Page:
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Disability, Avoidance and the Academy
Challenging Resistance





ISBN 9781138487000
Published January 23, 2018 by Routledge
212 Pages 2 B/W Illustrations

 
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Book Description

Disability is a widespread phenomenon, indeed a potentially universal one as life expectancies rise. Within the academic world, it has relevance for all disciplines yet is often dismissed as a niche market or someone else’s domain. This collection explores how academic avoidance of disability studies and disability theory is indicative of social prejudice and highlights, conversely, how the academy can and does engage with disability studies.

This innovative book brings together work in the humanities and the social sciences, and draws on the riches of cultural diversity to challenge institutional and disciplinary avoidance. Divided into three parts, the first looks at how educational institutions and systems implicitly uphold double standards, which can result in negative experiences for staff and students who are disabled. The second part explores how disability studies informs and improves a number of academic disciplines, from social work to performance arts. The final part shows how more diverse cultural engagement offers a way forward for the academy, demonstrating ways in which we can make more explicit the interdisciplinary significance of disability studies – and, by extension, disability theory, activism, experience, and culture.

Disability, Avoidance and the Academy: Challenging Resistance will interest students and scholars of disability studies, education studies and cultural studies.

Table of Contents

Introduction David Bolt  Part 1: Challenging Institutional Avoidance: Systems and Education  1. Disability, Diversity and Diversion: Normalization and Avoidance in Higher Education David T. Mitchell  2. Disabling Policies and Exclusionary Infrastructures: A Critique of the AAUP Report Sushil Oswal  3. 'Crippled Inside?': Metaphors of Organisational Learning Difficulty Joel Petrie  4. Avoiding New Literacies: Ideology, Dyslexia, and Perceived Deficits Owen Barden  5. School Textbooks and the Avoidance of Disability: Emptied of Representation Alan Hodkinson  Part 2: Challening Disciplinary Avoidance: The Case for Curricular Reform  6. Lessons in Critical Avoidance: Disability Studies and 'Special Educational Needs'  Claire Penketh and Laura Waite  7. Words for Dignity: From Budapest to Berkeley and Back Rita Hoffmann and Maria Flamich  8. Validating Critical Avoidance: Professional Social Work, Mental Health Service Users/Survivors, and the Academy Kathy Boxall and Peter Beresford  9. Servicescapes, People, Brands, and Marketing Management: Looking to the Future of Consumer Disability Research Through Disability Studies Tom Coogan and Robert Cluley  10. Literary Disability Studies in Creative Writing: A Practical Approach to Theory Cath Nichols  11. Fabulous Invalids Together: Why Disability in Mainstream Theater Matters Ann M. Fox  12. Ahimsa and the Ethics of Caring: Gandhi's Spiritual Experiments with Truth via an Idea of a Vulnerable Human Body Hemachandran Karah  Part 3: Challenging Critical Avoidance: Culture, Place, and Modernity  13. Disability Studies and Modern Responses to Stefan Zweig's Beware of Pity: Critics' Avoidance Emmeline Burdett  14. Avoiding Disability in Scottish Literary Studies? Scottish Studies, Ablenationalism, and Beyond Arianna Introna  15. How I Can Go On: Embracing Modernity's Displeasure with Beckett's Murphy Chris Ewart  16. Signifying Otherness in Modernity: The Subject of Disability in The Sun Also Rises and The Sound and the Fury Will Kanyusik  17. Epilogue Claire Penketh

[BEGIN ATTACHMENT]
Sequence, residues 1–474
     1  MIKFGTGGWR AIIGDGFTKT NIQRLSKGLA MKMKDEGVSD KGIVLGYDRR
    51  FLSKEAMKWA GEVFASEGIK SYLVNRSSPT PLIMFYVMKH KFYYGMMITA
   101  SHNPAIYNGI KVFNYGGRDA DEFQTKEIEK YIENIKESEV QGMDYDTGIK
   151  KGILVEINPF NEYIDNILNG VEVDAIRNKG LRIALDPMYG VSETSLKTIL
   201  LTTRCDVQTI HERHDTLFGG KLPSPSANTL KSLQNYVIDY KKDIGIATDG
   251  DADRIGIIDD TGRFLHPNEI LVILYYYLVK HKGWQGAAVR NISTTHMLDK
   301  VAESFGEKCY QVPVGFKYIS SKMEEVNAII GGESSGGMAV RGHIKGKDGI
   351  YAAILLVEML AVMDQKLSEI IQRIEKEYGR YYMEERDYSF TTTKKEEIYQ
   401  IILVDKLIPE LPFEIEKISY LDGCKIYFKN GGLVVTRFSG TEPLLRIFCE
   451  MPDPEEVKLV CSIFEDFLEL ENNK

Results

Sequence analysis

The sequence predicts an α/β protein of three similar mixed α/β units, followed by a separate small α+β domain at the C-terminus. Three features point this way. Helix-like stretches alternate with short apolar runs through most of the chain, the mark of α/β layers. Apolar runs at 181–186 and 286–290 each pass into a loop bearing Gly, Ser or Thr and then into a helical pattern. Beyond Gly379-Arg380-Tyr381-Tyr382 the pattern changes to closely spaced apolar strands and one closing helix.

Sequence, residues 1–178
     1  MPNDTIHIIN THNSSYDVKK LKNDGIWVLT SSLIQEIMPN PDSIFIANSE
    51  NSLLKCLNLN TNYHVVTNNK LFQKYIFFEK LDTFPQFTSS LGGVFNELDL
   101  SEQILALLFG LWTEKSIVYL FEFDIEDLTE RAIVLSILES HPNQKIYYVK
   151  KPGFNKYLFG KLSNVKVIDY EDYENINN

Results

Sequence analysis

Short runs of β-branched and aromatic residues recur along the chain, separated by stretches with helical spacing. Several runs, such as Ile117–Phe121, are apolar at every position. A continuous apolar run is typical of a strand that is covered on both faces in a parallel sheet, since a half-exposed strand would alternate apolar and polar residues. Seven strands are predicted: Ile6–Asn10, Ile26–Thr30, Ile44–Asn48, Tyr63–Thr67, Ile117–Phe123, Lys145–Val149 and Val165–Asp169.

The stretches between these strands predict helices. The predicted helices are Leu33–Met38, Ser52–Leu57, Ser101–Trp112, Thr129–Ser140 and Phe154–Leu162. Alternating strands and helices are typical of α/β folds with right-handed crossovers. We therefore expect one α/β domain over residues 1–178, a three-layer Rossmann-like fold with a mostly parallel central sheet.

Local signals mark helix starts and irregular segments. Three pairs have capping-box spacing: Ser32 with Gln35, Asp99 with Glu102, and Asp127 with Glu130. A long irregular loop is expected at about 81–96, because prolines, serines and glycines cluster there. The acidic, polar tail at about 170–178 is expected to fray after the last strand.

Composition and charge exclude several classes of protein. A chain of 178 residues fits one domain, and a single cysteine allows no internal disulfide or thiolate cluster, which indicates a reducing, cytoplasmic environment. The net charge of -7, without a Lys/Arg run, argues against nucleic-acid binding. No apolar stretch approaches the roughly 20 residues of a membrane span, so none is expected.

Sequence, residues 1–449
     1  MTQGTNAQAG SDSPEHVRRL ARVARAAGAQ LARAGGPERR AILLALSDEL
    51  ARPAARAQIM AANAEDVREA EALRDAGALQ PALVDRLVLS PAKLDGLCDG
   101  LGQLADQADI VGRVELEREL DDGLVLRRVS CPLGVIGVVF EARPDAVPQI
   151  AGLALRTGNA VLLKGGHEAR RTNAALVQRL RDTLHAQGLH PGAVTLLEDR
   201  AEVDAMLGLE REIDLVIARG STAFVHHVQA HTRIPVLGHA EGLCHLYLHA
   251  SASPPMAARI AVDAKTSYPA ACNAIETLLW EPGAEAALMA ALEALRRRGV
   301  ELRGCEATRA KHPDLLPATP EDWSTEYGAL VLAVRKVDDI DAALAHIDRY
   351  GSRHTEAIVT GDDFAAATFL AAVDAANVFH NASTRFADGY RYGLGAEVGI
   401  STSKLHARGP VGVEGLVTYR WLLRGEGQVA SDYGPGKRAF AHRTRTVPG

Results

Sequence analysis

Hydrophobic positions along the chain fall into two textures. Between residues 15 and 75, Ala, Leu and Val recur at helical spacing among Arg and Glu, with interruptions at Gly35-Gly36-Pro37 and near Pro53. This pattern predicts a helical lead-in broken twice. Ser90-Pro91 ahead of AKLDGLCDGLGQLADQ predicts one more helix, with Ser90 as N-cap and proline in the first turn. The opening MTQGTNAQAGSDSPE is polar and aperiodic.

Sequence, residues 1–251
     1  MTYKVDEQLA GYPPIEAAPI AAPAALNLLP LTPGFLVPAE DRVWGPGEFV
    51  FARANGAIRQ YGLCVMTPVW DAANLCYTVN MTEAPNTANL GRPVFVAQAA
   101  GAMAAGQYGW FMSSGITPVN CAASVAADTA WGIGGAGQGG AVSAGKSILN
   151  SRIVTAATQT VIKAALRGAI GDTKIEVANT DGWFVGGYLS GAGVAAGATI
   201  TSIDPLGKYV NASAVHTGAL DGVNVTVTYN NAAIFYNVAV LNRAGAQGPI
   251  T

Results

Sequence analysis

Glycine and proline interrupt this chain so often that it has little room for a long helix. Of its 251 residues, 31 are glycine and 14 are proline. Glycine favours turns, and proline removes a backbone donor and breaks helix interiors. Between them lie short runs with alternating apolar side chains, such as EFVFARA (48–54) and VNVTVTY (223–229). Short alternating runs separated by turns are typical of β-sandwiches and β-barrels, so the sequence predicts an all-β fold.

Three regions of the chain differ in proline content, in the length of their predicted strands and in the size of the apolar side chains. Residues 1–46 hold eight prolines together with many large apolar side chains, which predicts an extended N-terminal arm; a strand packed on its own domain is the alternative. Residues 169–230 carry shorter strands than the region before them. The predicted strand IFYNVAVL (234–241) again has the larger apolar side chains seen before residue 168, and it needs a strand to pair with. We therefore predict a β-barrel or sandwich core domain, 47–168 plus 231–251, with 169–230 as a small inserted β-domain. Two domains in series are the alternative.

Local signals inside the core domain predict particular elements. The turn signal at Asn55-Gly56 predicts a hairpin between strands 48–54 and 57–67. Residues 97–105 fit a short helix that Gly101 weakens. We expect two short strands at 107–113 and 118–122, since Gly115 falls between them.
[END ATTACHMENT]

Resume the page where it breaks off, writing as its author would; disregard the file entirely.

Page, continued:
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Editor(s)

Biography

Dr David Bolt is Associate Professor of Disability and Education at Liverpool Hope University, United Kingdom. He completed his PhD in 2004 at the University of Staffordshire. He has authored, edited, and guest edited numerous works about disability, literary representation, culture, language, and education.

Dr Claire Penketh is Principal lecturer in Disability and Education at Liverpool Hope University, United Kingdom. She completed her PhD in 2010 at Goldsmiths College, University of London. She has authored work on disability, art education, policy, and culture.